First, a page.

As for the characters, harem fans will likely enjoy the array of archetypes, as the show safely doles out a moe fang (Haruna), a shy and demure girl (Yuu), and a sarcastic, tall, and busty older girl (Sera), neither making any egregious choices in characterization nor going out of its way to distinguish its characters from those of other series. Ayumu, while slightly perverted and unintelligent, makes for a pleasant enough lead character, his slightly inconsistent characterization having him alternate between a hapless everyman similar to Tenchi Misaki or Tomoya Okazaki from Clannad and a daydream-prone loser (he frequently has fantasies of Yuu calling him "Onii-chan", for example). Later in the series an awkward arc about his accidentally marrying another vampire ninja, by falling on her and accidentally grabbing her breasts no less, makes for a cringe-inducing experience, but we could certainly do much worse for a main character. Those tired of female-on-male abuse may want to look elsewhere, for while it is restrained in comparison to other harem series, both Haruna and Sera hit and punch him regularly, and Sera habitually refers to him as "the piece of s***". The villains come and go, meanwhile, with only two lasting more than a single episode and only one of those having a major role in the plot; the usual presence of perverted male friends is thankfully kept to a minimum. I can't recommend the show too strongly based on its characterization, but it never makes enough mistakes with it to warrant a loss of points, either; it's forgettable but pleasant cast makes an equally forgettable show into a moderately pleasant ride.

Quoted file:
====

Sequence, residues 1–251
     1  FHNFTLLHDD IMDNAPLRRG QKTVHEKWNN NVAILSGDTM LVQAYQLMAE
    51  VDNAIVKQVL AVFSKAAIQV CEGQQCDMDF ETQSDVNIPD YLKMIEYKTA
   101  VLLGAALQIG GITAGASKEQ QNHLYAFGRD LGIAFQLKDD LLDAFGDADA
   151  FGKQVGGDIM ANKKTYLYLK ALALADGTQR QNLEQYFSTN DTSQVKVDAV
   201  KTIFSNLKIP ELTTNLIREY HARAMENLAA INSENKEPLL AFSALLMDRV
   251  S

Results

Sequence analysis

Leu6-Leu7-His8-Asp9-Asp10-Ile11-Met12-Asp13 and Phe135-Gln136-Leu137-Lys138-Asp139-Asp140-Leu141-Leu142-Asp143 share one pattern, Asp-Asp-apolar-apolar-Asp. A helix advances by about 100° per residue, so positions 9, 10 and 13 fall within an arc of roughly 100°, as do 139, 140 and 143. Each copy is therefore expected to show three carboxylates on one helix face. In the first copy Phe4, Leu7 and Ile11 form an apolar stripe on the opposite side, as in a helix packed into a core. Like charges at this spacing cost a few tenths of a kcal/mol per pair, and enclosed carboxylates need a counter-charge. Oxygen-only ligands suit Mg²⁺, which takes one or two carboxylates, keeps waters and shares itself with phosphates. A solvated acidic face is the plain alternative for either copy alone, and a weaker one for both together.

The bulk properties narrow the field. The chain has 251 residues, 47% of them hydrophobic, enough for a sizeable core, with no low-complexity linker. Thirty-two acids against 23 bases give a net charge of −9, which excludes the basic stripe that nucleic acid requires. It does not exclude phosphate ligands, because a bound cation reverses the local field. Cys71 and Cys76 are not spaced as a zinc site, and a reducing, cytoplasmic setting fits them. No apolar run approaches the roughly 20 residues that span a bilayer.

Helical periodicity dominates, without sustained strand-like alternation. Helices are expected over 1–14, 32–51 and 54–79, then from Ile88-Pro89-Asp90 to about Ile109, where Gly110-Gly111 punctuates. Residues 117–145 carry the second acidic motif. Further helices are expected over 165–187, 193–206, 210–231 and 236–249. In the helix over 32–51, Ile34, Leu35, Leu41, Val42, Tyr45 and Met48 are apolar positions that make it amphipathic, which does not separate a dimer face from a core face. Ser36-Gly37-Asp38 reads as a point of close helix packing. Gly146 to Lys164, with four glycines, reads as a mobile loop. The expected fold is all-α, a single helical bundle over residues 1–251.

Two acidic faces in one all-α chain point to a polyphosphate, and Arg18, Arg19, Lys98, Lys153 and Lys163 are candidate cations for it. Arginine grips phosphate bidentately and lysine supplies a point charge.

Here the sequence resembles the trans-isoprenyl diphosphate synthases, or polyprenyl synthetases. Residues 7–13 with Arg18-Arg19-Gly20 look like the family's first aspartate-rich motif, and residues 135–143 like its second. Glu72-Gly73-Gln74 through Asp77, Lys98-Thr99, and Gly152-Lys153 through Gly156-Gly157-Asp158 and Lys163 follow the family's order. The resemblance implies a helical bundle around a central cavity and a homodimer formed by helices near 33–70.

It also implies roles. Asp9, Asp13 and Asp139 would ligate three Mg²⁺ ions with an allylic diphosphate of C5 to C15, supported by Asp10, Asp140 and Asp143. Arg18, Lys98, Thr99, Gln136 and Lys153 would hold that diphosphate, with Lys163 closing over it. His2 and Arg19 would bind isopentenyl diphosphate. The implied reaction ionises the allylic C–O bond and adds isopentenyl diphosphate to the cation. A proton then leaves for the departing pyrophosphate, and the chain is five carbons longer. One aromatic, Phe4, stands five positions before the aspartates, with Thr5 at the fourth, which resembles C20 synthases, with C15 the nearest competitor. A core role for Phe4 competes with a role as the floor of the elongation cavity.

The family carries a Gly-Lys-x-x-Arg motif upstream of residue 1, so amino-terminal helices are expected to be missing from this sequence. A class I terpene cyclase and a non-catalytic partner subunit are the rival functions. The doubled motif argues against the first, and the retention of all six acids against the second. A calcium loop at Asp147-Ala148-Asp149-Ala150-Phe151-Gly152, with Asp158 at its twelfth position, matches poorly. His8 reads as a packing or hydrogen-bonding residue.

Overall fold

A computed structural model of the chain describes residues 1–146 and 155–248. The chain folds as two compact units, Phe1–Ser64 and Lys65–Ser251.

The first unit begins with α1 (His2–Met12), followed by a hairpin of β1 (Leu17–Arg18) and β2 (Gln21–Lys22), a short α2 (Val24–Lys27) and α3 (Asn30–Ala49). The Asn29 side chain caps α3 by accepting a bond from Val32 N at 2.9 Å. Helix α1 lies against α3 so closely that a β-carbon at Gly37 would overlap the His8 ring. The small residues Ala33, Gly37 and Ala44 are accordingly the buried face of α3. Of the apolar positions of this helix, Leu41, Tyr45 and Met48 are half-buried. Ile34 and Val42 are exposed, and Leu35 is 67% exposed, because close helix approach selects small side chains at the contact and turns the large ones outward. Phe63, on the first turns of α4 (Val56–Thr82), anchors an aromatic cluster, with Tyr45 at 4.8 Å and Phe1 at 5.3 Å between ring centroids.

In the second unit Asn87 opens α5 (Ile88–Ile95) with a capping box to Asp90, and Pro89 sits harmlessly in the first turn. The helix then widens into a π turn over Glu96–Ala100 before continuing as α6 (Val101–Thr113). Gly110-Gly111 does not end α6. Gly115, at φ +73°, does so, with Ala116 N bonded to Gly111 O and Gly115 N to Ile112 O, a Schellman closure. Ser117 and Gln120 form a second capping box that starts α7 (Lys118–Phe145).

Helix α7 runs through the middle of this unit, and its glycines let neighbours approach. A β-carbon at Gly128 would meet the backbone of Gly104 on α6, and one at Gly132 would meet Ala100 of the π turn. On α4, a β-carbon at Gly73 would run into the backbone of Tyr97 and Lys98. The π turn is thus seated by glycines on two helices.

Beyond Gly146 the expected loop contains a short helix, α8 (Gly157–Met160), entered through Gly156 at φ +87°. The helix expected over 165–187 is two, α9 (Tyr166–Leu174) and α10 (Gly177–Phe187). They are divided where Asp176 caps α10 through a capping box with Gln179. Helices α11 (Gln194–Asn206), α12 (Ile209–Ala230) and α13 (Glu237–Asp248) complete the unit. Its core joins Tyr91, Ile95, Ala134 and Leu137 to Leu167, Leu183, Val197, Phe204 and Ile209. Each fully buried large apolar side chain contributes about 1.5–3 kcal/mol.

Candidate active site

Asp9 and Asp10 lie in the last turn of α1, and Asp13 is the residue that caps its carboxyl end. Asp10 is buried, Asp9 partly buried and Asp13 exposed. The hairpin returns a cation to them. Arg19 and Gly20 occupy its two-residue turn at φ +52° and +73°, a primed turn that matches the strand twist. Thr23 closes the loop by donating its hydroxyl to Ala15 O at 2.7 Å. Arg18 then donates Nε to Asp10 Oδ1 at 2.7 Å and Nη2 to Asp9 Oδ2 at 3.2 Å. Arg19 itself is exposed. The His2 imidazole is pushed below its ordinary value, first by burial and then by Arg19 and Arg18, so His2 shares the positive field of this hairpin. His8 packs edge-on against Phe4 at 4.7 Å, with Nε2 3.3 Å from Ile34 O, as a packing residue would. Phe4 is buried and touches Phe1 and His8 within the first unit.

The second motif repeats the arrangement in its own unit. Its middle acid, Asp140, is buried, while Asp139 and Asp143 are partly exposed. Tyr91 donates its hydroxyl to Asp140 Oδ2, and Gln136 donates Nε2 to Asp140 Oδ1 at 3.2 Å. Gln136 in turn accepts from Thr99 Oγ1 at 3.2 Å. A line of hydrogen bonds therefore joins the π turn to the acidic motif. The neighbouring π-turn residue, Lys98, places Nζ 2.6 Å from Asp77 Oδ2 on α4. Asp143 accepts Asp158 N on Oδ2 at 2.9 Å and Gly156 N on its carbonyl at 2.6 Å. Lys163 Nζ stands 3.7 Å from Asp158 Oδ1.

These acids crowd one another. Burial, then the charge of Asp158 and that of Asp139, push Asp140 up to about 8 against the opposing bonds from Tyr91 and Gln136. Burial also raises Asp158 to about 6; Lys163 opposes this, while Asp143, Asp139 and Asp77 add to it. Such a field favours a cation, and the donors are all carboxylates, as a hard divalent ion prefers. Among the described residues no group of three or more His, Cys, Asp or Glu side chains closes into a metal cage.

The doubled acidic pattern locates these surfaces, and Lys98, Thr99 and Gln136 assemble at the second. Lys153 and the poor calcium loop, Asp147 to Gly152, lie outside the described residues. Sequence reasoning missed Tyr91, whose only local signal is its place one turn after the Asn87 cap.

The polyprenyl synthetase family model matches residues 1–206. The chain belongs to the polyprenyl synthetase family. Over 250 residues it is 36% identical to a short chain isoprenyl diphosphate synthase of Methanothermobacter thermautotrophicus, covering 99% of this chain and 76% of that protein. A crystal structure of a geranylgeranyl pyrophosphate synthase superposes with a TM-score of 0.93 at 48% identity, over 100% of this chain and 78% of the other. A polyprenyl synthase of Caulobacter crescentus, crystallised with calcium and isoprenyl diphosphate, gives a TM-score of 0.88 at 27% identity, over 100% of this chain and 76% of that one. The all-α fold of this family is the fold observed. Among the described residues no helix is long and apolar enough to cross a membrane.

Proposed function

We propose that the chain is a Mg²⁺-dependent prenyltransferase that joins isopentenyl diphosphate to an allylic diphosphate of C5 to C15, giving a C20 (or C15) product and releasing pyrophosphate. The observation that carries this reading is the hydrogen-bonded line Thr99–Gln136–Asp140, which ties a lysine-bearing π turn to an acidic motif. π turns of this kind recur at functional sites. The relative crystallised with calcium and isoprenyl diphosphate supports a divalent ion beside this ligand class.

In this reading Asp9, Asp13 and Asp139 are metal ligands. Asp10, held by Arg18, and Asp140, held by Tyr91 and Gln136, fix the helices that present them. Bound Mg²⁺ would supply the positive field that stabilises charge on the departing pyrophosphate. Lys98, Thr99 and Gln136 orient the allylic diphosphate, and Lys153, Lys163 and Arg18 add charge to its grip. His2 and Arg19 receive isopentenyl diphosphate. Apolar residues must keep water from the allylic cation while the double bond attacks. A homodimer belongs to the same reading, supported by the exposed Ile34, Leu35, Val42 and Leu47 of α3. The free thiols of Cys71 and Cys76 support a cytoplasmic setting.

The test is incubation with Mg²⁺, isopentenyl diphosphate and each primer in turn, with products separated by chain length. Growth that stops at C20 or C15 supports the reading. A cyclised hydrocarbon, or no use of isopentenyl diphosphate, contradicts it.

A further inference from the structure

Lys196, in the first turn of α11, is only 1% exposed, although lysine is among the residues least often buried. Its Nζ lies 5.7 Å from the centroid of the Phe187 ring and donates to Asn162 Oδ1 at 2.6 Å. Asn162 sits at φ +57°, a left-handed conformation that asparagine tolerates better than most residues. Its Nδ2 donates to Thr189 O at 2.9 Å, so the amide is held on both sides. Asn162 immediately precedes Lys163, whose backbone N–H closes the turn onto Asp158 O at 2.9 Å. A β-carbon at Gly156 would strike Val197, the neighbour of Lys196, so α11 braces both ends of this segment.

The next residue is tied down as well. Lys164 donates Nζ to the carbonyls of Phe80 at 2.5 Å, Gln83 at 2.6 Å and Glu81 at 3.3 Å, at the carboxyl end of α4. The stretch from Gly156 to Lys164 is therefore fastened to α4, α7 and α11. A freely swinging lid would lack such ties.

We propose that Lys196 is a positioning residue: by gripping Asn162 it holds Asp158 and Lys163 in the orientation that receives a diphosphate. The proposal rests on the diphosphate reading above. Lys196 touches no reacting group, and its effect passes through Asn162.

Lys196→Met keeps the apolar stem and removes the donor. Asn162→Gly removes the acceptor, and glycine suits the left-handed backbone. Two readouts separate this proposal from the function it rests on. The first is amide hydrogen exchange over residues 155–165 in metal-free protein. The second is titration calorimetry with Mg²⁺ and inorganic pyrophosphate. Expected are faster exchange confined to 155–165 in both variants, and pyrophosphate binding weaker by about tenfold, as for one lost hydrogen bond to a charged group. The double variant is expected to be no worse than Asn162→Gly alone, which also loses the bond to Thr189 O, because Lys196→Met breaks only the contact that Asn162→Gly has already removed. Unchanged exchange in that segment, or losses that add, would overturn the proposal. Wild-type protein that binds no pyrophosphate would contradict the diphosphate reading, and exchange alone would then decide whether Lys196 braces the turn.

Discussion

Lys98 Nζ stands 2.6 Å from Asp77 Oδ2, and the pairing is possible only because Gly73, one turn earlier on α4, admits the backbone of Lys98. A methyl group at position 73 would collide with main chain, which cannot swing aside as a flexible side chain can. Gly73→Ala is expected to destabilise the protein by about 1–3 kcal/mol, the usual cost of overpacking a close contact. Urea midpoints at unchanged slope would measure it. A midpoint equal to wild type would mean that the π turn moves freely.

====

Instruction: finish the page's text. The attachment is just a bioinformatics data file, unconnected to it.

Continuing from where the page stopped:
In summary, I don't have many strong feelings about Is This a Zombie?. I had expected to dislike it and instead came away pleasantly surprised but not riveted. It remains a relatively "safe" show in terms of any variations from harem formula, and I'd say that all except for those with a fondness for harem anime should proceed cautiously.
It's a very weak three stars: I liked it more than I'd expected, I disliked relatively little, and I was never entirely sold on it, which leaves it squarely in the middle. For fans of the harem genre, this is more likely to be a strong three stars or weak four stars. — Nick Browne
Recommended Audience: Teenagers and up. There is plenty of fan service and nudity, in addition to profanity (in the Japanese track) and some surprisingly graphic violence.
Version(s) Viewed: R1 DVD, Japanese with English subtitles
Review Status: Full (12/12)
Is This A Zombie? © 2011 Shinichi Kimura / Kibuichi Muririn / Fujimi Shobou / Korezon Partners